Pigs, fingered as the source of so-called swine flu, can also be infected by humans, German scientists said on Thursday.
The findings add a new risk factor to the global pandemic sparked by the A (H1N1) virus, they said.
Virologists from the Friedrich Loeffler Institute infected five 10-week-old pigs with the human strain of virus and housed them with three uninfected pigs.
Within four days, the three pigs had become infected and all pigs were showing flu symptoms.
But five chickens which were housed, uncaged, with the pigs in the same room did not become infected, which eases fears that the virus can pass to poultry and pick up genes from avian microbes.
The study appears in the Journal of General Virology, published by Europe's Society for General Microbiology.
Its authors say the remarkably swift and easy way in which the three pigs became infected highlights the risk that the virus could become endemic in pig farms through people in close proximity.
Pigs are touted as a mix-and-match breeding vessels for dangerous new viruses, as they are able to simultaneously house human, avian and swine strains.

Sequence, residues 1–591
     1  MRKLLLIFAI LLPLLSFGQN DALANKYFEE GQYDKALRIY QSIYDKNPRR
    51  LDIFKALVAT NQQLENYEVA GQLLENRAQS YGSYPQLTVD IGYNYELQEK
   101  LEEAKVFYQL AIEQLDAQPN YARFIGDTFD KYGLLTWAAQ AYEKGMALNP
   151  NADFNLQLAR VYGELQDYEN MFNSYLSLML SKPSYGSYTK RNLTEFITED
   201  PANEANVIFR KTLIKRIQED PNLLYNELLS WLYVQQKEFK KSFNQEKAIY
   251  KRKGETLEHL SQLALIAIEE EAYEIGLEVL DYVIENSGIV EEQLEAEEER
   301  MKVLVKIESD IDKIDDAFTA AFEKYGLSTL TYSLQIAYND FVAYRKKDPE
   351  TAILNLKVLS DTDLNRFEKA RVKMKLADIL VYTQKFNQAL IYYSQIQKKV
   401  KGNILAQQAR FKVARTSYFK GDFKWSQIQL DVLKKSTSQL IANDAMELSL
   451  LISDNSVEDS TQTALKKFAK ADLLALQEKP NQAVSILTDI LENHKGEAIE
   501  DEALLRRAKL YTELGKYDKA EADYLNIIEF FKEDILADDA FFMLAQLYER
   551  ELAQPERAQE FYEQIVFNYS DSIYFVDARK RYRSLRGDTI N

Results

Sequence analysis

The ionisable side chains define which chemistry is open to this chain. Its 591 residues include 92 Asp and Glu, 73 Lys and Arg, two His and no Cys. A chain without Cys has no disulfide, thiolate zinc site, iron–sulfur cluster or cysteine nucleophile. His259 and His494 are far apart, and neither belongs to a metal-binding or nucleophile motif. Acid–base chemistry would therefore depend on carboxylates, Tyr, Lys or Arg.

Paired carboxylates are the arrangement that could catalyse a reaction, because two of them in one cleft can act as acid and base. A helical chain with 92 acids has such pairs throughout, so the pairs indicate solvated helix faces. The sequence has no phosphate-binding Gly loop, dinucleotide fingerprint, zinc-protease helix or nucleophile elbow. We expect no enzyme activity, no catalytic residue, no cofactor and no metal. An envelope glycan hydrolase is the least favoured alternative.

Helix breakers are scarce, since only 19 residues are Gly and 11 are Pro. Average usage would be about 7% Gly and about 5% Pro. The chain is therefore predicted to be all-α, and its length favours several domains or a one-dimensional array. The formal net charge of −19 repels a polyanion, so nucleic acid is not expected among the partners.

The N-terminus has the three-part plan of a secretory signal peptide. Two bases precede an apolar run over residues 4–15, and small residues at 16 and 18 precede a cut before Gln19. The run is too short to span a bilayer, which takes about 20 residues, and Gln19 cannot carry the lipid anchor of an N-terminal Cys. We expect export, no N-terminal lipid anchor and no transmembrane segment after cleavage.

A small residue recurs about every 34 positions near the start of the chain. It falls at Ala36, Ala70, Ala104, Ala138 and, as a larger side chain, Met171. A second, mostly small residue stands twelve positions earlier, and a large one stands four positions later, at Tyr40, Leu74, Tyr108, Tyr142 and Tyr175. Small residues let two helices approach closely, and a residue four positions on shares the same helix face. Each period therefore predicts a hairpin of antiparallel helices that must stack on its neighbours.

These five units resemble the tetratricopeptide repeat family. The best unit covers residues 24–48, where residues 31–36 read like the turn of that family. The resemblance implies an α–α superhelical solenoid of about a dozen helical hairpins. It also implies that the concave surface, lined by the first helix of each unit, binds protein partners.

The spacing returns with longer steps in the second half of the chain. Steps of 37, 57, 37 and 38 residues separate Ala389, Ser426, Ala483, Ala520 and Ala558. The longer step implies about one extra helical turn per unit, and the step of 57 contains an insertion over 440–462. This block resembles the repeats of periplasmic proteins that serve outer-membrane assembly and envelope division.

People do not have immunity to the H1N1 virus because it is new.
In its current form, though, the viral strain is relatively mild. The fear is that by mixing with other viruses, it could pick up genes that could make it more dangerous.
More than 98,000 cases of swine flu, including over 440 deaths, have occurred since the outbreak was first reported on April 24, according to the World Health Organisation (WHO).
The epicentre of the outbreak is in Mexico.
The new study points out, though, that no robust evidence has come to light to prove that pigs were to blame.
"So far, pigs or other animals have not been demonstrated to be involved in the epidemiology or spread of the novel influenza virus," it says.
"However, with the increasing numbers of of human infections, a spillover of this virus to pigs is becoming more likely."